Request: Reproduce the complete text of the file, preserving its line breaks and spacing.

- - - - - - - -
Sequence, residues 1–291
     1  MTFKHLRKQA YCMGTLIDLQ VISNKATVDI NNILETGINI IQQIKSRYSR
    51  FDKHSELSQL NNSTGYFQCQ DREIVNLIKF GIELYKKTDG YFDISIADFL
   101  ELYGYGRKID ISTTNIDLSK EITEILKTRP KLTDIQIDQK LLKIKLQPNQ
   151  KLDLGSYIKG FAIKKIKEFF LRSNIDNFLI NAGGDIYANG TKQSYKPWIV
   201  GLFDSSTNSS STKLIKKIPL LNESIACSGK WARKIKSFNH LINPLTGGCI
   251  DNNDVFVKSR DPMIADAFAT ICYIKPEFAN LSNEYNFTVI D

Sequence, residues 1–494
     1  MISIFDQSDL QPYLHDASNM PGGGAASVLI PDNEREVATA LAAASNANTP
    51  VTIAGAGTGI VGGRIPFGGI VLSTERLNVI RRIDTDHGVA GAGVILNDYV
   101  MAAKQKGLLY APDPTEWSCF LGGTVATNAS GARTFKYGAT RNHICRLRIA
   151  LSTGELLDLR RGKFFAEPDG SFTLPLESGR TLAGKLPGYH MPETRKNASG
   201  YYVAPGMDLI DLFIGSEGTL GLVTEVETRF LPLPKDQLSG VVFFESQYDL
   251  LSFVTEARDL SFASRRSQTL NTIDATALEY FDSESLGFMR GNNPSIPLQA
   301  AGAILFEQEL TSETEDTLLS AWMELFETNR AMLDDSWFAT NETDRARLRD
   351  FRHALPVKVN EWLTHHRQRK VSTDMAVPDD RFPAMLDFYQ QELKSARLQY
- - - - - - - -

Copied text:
Sequence, residues 1–291
     1  MTFKHLRKQA YCMGTLIDLQ VISNKATVDI NNILETGINI IQQIKSRYSR
    51  FDKHSELSQL NNSTGYFQCQ DREIVNLIKF GIELYKKTDG YFDISIADFL
   101  ELYGYGRKID ISTTNIDLSK EITEILKTRP KLTDIQIDQK LLKIKLQPNQ
   151  KLDLGSYIKG FAIKKIKEFF LRSNIDNFLI NAGGDIYANG TKQSYKPWIV
   201  GLFDSSTNSS STKLIKKIPL LNESIACSGK WARKIKSFNH LINPLTGGCI
   251  DNNDVFVKSR DPMIADAFAT ICYIKPEFAN LSNEYNFTVI D

Sequence, residues 1–494
     1  MISIFDQSDL QPYLHDASNM PGGGAASVLI PDNEREVATA LAAASNANTP
    51  VTIAGAGTGI VGGRIPFGGI VLSTERLNVI RRIDTDHGVA GAGVILNDYV
   101  MAAKQKGLLY APDPTEWSCF LGGTVATNAS GARTFKYGAT RNHICRLRIA
   151  LSTGELLDLR RGKFFAEPDG SFTLPLESGR TLAGKLPGYH MPETRKNASG
   201  YYVAPGMDLI DLFIGSEGTL GLVTEVETRF LPLPKDQLSG VVFFESQYDL
   251  LSFVTEARDL SFASRRSQTL NTIDATALEY FDSESLGFMR GNNPSIPLQA
   301  AGAILFEQEL TSETEDTLLS AWMELFETNR AMLDDSWFAT NETDRARLRD
   351  FRHALPVKVN EWLTHHRQRK VSTDMAVPDD RFPAMLDFYQ QELKSARLQY